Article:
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Given two polygons:

POLYGON((1 0, 1 8, 6 4, 1 0))
POLYGON((4 1, 3 5, 4 9, 9 5, 4 1),(4 5, 5 7, 6 7, 4 4, 4 5))

How can I calculate the union (combined polygon)?

alt text

Dave's example uses SQL server to produce the union, but I need to accomplish the same in code. I'm looking for a mathematical formula or code example in any language that exposes the actual math. I am attempting to produce maps that combine countries dynamically into regions. I asked a related question here: http://stackoverflow.com/questions/2653812/grouping-geographical-shapes

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6 Answers 6

You need to determine which points lie inside. After removing these points, you can insert one set of "outside" points into the other. Your insertion points (e.g. where you have the arrow in the picture on the right) are where you had to remove points from the input sets.

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1  
+1 for linking to Bourke. Thirty seconds slower and I'd've beaten you to it :) –  David Seiler Apr 19 '10 at 13:37
    
Link is broken atm. –  Sadly Not Mar 12 '13 at 22:50
    
@SadlyNot: Thanks, I updated with a link to the web archive. –  Benjamin Bannier Mar 13 '13 at 14:05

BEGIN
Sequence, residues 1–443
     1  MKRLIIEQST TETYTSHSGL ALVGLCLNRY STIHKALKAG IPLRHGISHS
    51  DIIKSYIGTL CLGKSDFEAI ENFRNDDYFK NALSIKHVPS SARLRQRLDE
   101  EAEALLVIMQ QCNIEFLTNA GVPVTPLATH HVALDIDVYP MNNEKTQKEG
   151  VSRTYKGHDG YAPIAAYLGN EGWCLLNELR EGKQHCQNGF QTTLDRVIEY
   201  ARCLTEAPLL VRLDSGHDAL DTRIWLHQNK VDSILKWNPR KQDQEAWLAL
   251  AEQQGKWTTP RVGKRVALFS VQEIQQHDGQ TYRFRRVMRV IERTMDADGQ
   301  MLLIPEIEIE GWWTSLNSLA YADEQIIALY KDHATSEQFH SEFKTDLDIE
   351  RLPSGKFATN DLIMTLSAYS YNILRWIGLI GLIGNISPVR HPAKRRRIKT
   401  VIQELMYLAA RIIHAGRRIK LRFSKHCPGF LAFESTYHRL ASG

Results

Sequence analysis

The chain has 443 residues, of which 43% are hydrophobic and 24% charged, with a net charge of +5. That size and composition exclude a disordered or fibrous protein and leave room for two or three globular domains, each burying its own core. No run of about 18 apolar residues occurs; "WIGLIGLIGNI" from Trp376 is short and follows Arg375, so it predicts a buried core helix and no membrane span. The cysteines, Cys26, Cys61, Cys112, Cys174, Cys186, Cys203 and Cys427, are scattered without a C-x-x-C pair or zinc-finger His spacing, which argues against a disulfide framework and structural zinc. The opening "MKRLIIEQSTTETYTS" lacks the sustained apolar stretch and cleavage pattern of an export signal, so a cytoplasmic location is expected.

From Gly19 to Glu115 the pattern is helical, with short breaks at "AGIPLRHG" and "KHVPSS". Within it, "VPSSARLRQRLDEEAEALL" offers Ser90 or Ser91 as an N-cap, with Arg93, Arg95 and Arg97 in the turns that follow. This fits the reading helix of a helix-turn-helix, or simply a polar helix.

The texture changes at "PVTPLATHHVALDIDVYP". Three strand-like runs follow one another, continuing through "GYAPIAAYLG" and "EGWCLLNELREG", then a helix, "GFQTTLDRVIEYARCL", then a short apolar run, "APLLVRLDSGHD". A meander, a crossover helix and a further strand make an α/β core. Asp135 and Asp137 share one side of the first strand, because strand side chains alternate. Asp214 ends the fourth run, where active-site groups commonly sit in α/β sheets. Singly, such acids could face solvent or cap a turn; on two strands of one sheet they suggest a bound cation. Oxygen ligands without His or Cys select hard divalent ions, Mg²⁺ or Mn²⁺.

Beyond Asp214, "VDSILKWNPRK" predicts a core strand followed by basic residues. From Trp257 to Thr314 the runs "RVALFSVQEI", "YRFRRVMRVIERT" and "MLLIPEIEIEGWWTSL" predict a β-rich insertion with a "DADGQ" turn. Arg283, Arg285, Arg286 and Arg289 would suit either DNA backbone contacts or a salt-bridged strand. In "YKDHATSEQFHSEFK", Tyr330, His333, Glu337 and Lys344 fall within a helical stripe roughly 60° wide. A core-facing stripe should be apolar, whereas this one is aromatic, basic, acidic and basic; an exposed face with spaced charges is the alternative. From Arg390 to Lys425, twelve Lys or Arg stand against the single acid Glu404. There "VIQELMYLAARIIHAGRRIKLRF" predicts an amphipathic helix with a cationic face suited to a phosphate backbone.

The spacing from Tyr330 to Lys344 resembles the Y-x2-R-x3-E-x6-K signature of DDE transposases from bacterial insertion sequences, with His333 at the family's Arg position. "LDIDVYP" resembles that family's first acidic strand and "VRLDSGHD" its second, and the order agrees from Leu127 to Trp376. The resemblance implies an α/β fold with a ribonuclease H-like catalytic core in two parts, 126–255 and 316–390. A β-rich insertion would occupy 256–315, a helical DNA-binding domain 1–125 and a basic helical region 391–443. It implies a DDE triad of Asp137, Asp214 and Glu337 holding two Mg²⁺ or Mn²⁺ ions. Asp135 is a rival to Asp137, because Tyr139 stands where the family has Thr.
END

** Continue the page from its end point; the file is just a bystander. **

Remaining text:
This is a very good question. I implemented the same algorithm on c# any time ago. Algorithm constructs common contour two polygons (i.e. constructs a union without holes). Here it is.


Goal

Step 1. Create graph that describes polygons.

Input: first polygon (n points), second polygon (m points). Output: graph. Vertex - polygon point of intersection point.

We should to find intersections. I iterate through all polygon sides in first and second polygons [O(n*m)] and find intersections.

  • If intersection does not found, simply add vertexes and connect them to the edge.

  • If intersections found, sort them by length to start point, add all
    vertexes (start, end and intersections) and connect them (already in sorted order) to the edge. Graph

Step 2. Check constructed graph

If we did not find any intersection points while graph was builded, we have one of the following conditions:

  1. Polygon1 contains polygon2 - return polygon1
  2. Polygon2 contains polygon1 - return polygon2
  3. Polygon1 and polygon2 do not intersect. Return polygon1 AND polygon2.

Step 3. Find left-bottom vertex.

I find a minimum x and y coordinates (minx, miny). Then I find minimum distance between (minx,miny) and polygon's points. This point will be the left-bottom point.

Left-bottom point

Step 4. Construct common contour.

We start to traverse the graph from left-bottom point and continue until you get back into it. At the beginning we mark all edges as unvisited. On every iteration you should select a next point and mark it as visited.

When I want select next point, I choose an edge with a maximum internal angle in counter-clockwise direction. I calculate two vectors: vector1 for current edge and vector2 for an each next unvisited edge (as presented on the picture).

For vectors I calculate:

  1. Scalar product. It gives me angle between vectors.